Semen, blood, urine, and preputial wash were obtained immediately before inoculation and every seven days post-infection (dpi), during 6 weeks, totaling seven time-points per group. Cross-contaminations among rams were prevented by using a plastic sterile and disposable liner inside the artificial vagina, connected to collection tube. Three rams of the first group had no libido during the experiment period and therefore they were subjected to electroejaculation for collecting semen samples . Whole blood samples were obtained from the jugular vein by a vacuum collection system. At the same occasion, urine samples were obtained, and a prepucial wash was performed by introduction of 10 mL of a sterile PBS into the preputial cavity, followed by mucosal massage for 1 min and recovery of the suspension into a sterile 15 mL tube .
At six weeks post-infection, rams were euthanatized. In order to assess the suitability of various tissues for A. seminis and H. somni diagnosis, fragments of the tail, body, and head of both epididymis, testes, ampullas of the ductus deferens, seminal vesicles, bulbo-urethral glands, inguinal lymph nodes, medial iliac lymph nodes, prepuce, glans penis, spleen, liver, kidney, and urinary bladder were collected. Samples were placed in a 50 mL sterile tube containing 2 mL of sterile PBS solution for bacteriology and macerated with a homogenizer. Additional fragments of tissues were placed into cryotubes, snap frozen in liquid nitrogen, and stored at −80°C until DNA extraction.
Negative control samples
As negative control, semen (n = 27), blood (n = 11), urine (n = 8), and prepucial wash (n = 8) samples from B. ovis-free healthy rams with no history of infertility were used.
For bacteriological isolation, 100 μL of each sample (tissue homogenates, semen, blood, urine, and preputial wash) were plated on GC medium (base medium for chocolate agar) (Becton Dickinson, Franklin Lakes, USA), supplemented with 1% bovine hemoglobinc, without antibiotics and incubated at 37°C for 48 h. For H. somni detection, 0.5% of yeast extract (Becton Dickinson) was added to the medium, and plates were cultured under an atmosphere with 5% CO2. Colonies were confirmed by specie-specific PCR for each agent [8–10].
DNA extraction was performed by the proteinase K and phenol/chlorophorm method as previously described  with 500 μL of fresh semen or blood samples, 1 mL of thawed urine or preputial wash samples, and approximately 800 μL of tissue homogenates. All DNA samples were stored at −20°C until amplification.
Single PCR was performed using primer pairs previously described for detection of A. seminis (FWD 5′-CTTATCTTTCTTAAGCCCTGAC;-3′ and REV 5′-AAGAAAAAGACGAAGAGACATT-3′) and H. somni (FWD 5′-GAAGGCGATTAGTTTAAGAG-3′ and REV 5′-ACTCGAGCGTCAGTATCTTC-3′) [8, 10]. PCR reactions were performed using 15 μL of a commercial PCR supermix, containing 22 mM Tris–HCl (pH 8.4), 55 mM KCl, 1.65 mM MgCl2, 220 μM dGTP, 220 μM dATP, 220 μM dTTP, 220 μM dCTP, 22 U recombinant Taq DNA Polymerase/mL (Invitrogen, São Paulo, Brazil) 1 μL of a 10 mM solution of each primer, and 1–3 μL of DNA template corresponding to 200–500 ng of DNA per reaction. Cycling parameters were the previously described for each target [8, 10]. Reactions were carried out in a (Mastercycler, Eppendorf, Hamburg, Germany). Ultra-pure water was used replacing the DNA template as negative control. Genomic DNA extracted from A. seminis and H. somni pure cultures were used as positive controls. PCR products were analyzed by electrophoresis in 1% agarose gel (Invitrogen). Reactions were considered positive when they yielded products of 436 bp and 313 bp for primers targeting A. seminis or H. somni, respectively.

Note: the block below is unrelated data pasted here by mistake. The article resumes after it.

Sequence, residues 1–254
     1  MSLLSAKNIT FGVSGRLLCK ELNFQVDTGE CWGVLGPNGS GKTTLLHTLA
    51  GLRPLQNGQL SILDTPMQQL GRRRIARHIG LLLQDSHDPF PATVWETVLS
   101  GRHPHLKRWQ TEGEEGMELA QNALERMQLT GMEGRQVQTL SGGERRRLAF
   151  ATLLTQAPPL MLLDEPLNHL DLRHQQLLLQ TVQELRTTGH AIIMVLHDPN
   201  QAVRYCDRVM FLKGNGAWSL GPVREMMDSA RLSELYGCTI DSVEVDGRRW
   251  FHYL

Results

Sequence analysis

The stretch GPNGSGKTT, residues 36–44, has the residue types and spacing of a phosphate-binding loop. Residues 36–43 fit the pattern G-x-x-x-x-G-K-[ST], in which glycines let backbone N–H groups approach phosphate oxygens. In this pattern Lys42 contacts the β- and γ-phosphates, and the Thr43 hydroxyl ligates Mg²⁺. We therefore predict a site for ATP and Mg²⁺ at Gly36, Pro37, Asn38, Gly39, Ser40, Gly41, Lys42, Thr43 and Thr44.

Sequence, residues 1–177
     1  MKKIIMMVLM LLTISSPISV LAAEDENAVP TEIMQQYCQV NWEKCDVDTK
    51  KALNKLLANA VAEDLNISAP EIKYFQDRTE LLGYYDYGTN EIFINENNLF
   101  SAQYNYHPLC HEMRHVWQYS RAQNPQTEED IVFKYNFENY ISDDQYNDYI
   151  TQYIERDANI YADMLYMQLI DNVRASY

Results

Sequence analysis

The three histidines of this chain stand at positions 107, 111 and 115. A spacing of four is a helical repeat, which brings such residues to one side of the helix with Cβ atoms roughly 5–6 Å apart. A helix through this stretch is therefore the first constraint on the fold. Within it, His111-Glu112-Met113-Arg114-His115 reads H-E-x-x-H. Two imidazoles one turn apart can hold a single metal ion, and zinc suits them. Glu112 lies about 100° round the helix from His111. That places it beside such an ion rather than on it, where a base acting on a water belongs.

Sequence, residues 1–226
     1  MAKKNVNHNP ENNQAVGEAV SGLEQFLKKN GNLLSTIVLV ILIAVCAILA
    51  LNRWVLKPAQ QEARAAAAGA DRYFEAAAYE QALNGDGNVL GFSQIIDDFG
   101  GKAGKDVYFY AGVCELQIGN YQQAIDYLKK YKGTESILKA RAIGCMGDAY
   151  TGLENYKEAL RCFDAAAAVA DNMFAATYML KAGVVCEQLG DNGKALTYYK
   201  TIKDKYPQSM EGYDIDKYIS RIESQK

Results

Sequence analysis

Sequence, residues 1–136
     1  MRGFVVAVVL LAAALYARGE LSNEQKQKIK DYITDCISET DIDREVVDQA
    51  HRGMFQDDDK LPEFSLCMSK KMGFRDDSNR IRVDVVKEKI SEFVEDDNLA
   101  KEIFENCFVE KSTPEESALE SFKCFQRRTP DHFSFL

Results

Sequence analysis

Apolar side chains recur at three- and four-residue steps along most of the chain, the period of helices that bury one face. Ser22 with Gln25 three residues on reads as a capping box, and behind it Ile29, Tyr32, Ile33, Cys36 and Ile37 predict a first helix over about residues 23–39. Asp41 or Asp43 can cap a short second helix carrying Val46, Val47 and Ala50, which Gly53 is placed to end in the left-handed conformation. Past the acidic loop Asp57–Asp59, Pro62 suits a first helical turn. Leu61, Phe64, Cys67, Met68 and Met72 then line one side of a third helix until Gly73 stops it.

Multiplex PCR assay
For multiplex assay, previously validated species-specific PCR primers for B. ovis detection (FWD 5′-GCCTACGCTGAAACTTGCTTTTG-3′ and REV 5′-ATCCCCCCATCACCATAACCGAAG-3′), which amplifies a 228 pb product were used . A. seminis and H. somni primers were the same used for single PCR. A reaction solution containing 2 mM MgCl2 and 55°C as annealing temperature yielded products for all three targets without affecting the specificity of amplification.
Multiplex reactions were performed to a final volume of 31 μL, with 22 μL of PCR supermix (Invitrogen) containing 1.65 mM MgCl2, supplemented with 0.5 μL of 50 mM MgCl2, 1 μL of 25 mM of each primers, and 200–500 ng of DNA template. Cycling parameters were 94° for 2 min, followed by 35 cycles of 94°C for 30s, 55°C for 30s and 72°C for 1 min, and a final extension of 72°C for 6 min. PCR products were separated using electrophoresis in 1.8% agarose gel (Invitrogen). Amplified products were 218 bp, 436 bp, and 313 bp for B. ovis, A. seminis, and H. somni, respectively.
Multiplex PCR sensitivity and specificity
Sensitivity of the multiplex PCR was assessed by performing reactions with various combinations of 0.2, 2, 20 or 200 ng of genomic DNA extracted from pure cultures of B. ovis (ATCC 25840), A. seminis (ATCC 15768) and H. somni (3384Y), resulting in 64 associations of different DNA concentrations of each agent.
In order to investigate possible influences of the biological specimen on the efficiency of DNA amplification, semen samples, which are the principal shedding route of these microorganisms, were spiked with ten-fold serial solutions of bacterial suspensions, ranging from 106 to 100 CFU/mL of each agent. In addition, to confirm that the assay was capable of detecting all three agents simultaneously in semen samples, three distinct positive samples from each experimental infection were pooled, subjected to DNA extraction, and multiplex PCR as described.
To assess the specificity of the multiplex PCR, genomic DNA from bacterial species that can potentially cause epididymitis in rams were used, including B. ovis (ATCC 25840), A. seminis (ATCC 15768), H. somni (3384Y), Staphylococcus aureus (ATCC 12600), Manheimia haemolitica (D0614057), Corynebacterium pseudotuberculosis (D0507204), and Trueperella (Arcanobacterium) pyogenes (D0602705) as well as an organism phylogenetically related to B. ovis, i.e. Ochrobactrum anthropi (ATCC 49188). PCR reactions were performed as described above.